A survey of the records of the Infants' Hospital of Boston for 1935 and 1936 showed that in 185 of the 1,455 patients admitted during the two year period infections developed in the hospital.1 The only representative of the common contagious diseases among these infections was pertussis, of which a single case occurred, and there was no hospital infection with enteric organisms. Acute infections of the respiratory tract made up 59.8 per cent of the secondary disorders, while the next largest group was cutaneous infections, which made up 15.6 per cent. It was apparent that 906 patients with acute respiratory disease (including pneumonia) who were admitted during the two year period as well as members of the staff, attendants and visitors with similar conditions presented the great source of danger in the wards.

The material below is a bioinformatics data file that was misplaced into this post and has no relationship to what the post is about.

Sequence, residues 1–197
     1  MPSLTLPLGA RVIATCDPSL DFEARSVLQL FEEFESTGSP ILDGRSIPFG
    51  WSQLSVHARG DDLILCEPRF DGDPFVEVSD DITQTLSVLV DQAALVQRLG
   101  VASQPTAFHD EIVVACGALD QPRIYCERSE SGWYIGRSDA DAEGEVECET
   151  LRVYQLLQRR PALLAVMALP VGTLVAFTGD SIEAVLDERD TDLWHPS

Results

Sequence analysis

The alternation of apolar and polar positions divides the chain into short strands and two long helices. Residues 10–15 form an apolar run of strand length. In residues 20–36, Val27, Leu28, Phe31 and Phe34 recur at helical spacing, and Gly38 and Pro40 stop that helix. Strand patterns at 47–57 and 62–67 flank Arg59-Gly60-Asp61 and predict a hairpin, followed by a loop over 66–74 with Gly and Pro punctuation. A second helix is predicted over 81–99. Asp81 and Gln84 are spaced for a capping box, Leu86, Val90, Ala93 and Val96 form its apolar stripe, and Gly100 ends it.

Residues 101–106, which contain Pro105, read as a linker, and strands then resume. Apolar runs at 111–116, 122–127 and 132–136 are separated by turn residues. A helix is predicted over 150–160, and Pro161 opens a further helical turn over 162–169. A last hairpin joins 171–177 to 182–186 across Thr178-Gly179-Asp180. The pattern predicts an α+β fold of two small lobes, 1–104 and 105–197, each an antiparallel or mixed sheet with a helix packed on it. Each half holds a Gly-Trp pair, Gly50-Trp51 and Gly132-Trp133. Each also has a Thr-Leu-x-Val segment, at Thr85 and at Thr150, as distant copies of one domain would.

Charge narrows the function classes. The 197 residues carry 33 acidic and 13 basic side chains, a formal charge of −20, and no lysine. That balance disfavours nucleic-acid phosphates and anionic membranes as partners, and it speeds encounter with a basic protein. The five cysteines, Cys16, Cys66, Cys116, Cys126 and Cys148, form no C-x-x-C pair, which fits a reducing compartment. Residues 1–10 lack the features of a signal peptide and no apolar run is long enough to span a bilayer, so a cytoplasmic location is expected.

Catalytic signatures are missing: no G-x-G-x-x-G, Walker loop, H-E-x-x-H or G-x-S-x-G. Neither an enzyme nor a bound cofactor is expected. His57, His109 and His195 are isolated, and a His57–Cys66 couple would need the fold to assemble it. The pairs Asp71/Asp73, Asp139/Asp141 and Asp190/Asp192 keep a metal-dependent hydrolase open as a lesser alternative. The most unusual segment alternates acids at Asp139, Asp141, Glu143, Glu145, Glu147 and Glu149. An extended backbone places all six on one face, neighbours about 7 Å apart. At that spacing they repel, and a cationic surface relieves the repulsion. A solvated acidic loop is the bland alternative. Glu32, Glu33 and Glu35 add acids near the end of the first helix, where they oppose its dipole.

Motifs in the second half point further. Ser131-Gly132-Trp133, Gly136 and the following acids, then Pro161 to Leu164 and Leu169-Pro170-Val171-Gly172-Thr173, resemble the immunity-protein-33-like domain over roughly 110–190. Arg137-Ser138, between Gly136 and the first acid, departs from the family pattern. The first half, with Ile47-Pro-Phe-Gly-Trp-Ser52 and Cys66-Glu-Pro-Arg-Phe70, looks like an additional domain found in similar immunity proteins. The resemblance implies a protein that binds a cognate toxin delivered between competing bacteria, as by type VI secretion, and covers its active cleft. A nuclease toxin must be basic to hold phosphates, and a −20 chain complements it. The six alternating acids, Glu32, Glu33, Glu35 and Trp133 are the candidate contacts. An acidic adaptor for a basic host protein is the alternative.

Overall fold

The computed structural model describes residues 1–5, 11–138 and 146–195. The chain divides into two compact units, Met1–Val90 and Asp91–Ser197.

Jacobi2 described conditions existing in 1871 in regard to morbidity and mortality in a home
LONG AP, McKHANN CF, CHENEY LL. HOSPITAL INFECTIONS: III. A WARD STUDY FOR SOURCES OF INFECTION. Am J Dis Child. 1940;60(2):322–332. doi:10.1001/archpedi.1940.02000020076007
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